There are five primary sources or bases of power:

(1 ). Reward: Reward power allows managers to exert influence by providing positive outcomes that affect the behaviour of others. A manager can influence behaviour by recommending salary increases, promotions, or interesting work, and intrinsic rewards such as flattery and compliments.

(2).  Coercive: Coercive power enables managers to deny employees specific rewards when they are not displaying desired behaviour. Employees might be punished with a reduction in pay, a demotion, or they might be given less attractive work or even threatened with dismissal.

But coercive power has its limits, particularly in a unionised environment, where employees might work-to-rule until their demands are given some attention. Coercive power generally has negative consequences in the workplace; it decreases morale, and increases mistrust and fear.

(3). Legitimate: Legitimate power is a function of one’s position within the structure of the organisation. Naturally the CEO tends to have substantial legitimate power. It emerges from one’s place within the hierarchy.

(4). Expert: Expert power emerges from specific expertise, skills, information or knowledge that one possesses within the organisation. Doctors often have expert power in that patients assume they have a base of knowledge and expertise that can be relied upon to make decisions about their health. Expert power, like referent power, is a source of power for people throughout the organisation.

(5).  Referent: As mentioned above, legitimate power is enhanced with personal characteristics of a manager or leader. Referent power is a function of being respected and admired by others. One of the unique features of referent power is that it is a base of power for anyone in the organisation regardless of the position they hold. We are willing to be influenced by people that we like and often employees in middle or lower level positions have the power through charisma and other personal characteristics to influence the behaviour of their co-workers.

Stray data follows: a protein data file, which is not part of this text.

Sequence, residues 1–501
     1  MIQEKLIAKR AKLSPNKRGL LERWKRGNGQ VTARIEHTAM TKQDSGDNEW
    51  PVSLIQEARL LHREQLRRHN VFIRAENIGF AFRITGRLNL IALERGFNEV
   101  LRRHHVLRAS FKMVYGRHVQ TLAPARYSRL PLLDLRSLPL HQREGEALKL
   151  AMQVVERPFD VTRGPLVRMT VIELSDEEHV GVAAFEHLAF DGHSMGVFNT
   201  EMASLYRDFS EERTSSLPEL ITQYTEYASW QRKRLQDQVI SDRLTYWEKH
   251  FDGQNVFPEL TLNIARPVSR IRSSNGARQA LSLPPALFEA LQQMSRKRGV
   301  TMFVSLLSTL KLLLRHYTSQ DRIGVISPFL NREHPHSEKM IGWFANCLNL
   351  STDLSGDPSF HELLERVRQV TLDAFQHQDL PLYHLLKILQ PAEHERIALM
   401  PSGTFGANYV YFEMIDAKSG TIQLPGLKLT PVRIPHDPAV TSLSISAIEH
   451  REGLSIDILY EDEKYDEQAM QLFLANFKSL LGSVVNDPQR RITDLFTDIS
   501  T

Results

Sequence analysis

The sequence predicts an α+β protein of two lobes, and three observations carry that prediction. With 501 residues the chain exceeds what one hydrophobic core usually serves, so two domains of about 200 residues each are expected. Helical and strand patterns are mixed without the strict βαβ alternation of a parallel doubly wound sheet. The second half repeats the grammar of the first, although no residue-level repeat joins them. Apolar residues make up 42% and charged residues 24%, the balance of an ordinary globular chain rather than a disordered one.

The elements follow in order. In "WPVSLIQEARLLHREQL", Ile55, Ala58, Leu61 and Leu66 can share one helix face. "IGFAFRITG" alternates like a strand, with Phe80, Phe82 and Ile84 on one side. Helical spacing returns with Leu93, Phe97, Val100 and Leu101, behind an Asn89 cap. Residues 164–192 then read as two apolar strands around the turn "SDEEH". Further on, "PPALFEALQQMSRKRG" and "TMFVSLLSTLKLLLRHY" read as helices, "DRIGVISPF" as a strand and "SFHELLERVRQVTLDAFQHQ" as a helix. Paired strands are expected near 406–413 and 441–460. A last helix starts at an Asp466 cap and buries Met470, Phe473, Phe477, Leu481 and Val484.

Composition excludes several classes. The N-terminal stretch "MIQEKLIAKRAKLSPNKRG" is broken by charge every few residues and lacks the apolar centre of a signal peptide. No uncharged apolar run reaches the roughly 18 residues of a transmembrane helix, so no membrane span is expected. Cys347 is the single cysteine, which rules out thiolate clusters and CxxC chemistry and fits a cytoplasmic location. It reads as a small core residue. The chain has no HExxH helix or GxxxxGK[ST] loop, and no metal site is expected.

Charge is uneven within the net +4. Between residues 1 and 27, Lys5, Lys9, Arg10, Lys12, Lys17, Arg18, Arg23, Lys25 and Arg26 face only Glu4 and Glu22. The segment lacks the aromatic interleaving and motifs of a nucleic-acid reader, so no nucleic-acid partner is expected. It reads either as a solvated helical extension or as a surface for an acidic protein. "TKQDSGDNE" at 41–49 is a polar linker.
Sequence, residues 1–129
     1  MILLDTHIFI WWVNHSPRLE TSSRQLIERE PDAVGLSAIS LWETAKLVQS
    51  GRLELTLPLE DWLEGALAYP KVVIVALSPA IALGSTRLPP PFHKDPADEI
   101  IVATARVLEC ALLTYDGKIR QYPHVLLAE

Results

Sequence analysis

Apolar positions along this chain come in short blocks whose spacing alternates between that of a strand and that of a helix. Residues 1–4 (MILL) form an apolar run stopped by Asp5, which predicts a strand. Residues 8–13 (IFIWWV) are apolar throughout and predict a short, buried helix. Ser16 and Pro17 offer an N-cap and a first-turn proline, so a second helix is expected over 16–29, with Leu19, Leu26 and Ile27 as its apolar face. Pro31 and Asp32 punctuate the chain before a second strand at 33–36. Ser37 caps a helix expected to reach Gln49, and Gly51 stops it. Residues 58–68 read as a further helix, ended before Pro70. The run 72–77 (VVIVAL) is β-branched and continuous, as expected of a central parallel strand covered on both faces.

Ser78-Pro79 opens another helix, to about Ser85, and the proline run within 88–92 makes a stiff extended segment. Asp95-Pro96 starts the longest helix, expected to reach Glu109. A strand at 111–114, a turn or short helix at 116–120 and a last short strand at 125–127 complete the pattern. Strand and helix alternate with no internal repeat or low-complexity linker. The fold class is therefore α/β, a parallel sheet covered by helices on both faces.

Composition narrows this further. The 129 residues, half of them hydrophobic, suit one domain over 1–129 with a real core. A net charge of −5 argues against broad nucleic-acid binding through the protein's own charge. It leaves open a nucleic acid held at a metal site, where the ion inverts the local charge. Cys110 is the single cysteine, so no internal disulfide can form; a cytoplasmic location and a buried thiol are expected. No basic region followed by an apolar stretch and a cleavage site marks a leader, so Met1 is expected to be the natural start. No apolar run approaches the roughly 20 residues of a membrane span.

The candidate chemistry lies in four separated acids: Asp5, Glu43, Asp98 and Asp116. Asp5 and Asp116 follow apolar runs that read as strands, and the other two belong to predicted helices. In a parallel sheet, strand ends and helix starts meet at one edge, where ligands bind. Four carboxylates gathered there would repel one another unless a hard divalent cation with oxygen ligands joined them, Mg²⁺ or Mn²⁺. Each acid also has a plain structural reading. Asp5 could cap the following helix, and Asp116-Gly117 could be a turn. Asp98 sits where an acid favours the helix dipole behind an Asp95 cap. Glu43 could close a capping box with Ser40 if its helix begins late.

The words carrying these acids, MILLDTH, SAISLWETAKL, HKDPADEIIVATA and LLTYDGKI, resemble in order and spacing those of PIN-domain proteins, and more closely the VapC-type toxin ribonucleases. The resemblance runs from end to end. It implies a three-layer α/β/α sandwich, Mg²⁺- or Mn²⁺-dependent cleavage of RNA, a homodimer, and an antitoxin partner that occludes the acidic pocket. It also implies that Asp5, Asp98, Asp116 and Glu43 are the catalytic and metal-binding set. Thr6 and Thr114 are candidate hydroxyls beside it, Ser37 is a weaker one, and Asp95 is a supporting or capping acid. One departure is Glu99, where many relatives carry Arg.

()  Managing Power:

  1. Psychologist David McClelland argues that effective managers:
  2. Have a high need for power
  3. Use their power to achieve organisational goals
  4. Adopt a participative or ‘coaching’ leadership style
  5. Are relatively unconcerned with how much others like them.

 

McClelland identified these employees as institutional managers, and argued that they tend to subordinate personal needs to organisational objectives. They make good managers because they show no favourites (as a result of not worrying too much about being liked), and they clearly articulate organisational priorities, instill team spirit and empower others.

 

There may be some more documents on What is Power with Definition, Meaning and Sources, this article is written by taking the help from Internet and other resources like Books, journals etc.

***END***

Be the first to comment

Leave a Reply

Your email address will not be published.




For security, use of Google's reCAPTCHA service is required which is subject to the Google Privacy Policy and Terms of Use.

I agree to these terms.